Last year, I had a bumper crop of climbing beans. I picked baskets full of delicious stringless beans every two or three days. I had so many beans that I gave them away to family and friends and truly didn’t know what to do with them, they came up so fast.
And all this from a patch of a dozen or so magic climbing beans. It was a roaring success!
Now this year, I didn’t want to grow my beans in the same place so I prepared a new bed in another part of the garden.
Ready Made Fence
There was a ready made fence for the beans to climb on so I thought it was ideal. Then I sat back and waited.
But what a disaster! My beans plants were so straggly that I couldn’t bear to look at them.
All the leaves were reduced to a web of lace by an invasion of some nasty leaf eating insects. And obviously the yield was very poor. The new garden was a total failure. I had thought I could pull one over on the beans. But clearly I couldn’t. They knew better. My climbing beans were too smart to be fooled.
Last Year’s Beans Were in Full Sun
Well, I know exactly why this happened. I had planted the beans too close to a group of trees and they clearly did not get enough sun – whereas last year’s beans were in full sun. Also, the soil was not as rich as the soil in the first bed.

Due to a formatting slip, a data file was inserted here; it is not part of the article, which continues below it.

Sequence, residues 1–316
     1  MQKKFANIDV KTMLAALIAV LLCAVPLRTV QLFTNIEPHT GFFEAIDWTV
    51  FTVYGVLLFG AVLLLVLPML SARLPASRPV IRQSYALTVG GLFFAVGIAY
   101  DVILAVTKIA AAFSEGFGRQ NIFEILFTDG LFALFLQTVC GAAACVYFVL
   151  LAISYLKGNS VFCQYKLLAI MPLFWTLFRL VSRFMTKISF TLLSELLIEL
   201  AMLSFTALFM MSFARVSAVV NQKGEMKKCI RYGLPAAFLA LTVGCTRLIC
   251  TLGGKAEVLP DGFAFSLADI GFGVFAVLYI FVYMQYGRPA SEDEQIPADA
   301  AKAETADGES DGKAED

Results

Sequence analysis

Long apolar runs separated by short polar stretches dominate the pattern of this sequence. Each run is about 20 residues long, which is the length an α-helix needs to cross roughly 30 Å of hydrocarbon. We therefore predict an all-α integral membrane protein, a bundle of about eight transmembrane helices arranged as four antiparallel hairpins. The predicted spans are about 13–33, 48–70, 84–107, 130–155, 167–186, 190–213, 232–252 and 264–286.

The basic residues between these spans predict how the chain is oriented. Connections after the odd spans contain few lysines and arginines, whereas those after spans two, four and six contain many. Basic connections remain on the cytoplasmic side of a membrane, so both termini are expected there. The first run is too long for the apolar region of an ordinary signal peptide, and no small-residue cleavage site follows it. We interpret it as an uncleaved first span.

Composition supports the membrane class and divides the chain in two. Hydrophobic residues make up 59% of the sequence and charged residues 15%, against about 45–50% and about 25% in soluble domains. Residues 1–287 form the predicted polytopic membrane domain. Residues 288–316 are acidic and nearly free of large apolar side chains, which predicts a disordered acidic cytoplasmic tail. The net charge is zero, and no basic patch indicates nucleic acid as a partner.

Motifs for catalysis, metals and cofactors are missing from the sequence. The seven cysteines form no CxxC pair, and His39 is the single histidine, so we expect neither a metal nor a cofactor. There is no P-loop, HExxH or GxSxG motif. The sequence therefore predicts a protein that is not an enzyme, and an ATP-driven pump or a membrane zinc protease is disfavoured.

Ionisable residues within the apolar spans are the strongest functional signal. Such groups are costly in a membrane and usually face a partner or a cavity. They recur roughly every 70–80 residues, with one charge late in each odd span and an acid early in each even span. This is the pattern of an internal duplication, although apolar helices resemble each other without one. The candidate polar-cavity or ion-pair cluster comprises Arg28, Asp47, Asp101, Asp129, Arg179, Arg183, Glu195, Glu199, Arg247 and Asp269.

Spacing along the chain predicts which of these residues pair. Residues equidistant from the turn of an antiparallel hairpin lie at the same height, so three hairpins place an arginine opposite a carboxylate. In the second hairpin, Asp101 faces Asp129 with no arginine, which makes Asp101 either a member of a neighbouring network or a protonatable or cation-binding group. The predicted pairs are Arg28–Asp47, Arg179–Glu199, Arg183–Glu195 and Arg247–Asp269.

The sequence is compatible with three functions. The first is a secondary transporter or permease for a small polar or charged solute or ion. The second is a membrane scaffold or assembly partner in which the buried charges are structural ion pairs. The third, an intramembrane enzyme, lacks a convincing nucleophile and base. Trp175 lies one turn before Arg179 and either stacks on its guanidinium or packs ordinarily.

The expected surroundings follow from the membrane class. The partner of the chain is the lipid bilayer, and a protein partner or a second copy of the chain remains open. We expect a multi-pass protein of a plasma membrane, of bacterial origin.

In my defence, I had run out of compost. But I learned the hard way that beans are not to be fooled. Do what they want and they can be charming and obliging. But try to bluff them and they simply go on strike.
Anyway, having learned my lesson I started all over again and went back to preparing the original bed in full sun where I had previously had so much success.
I carefully composted the bed till the soil was dark and friable. I put up a fence for the beans to climb on. And then I planted exactly 20 beans. Talk about Jack and the beanstalk! My hopes were high.
Now I don’t want to talk too soon – let’s just say that my beans shot up tall and healthy in record time. At present they are climbing all over the supporting fence and the leaves are big and healthy. I am now waiting for the first flush of flowers.
I’ll report on any new developments as to the progress of my organic beans in due course.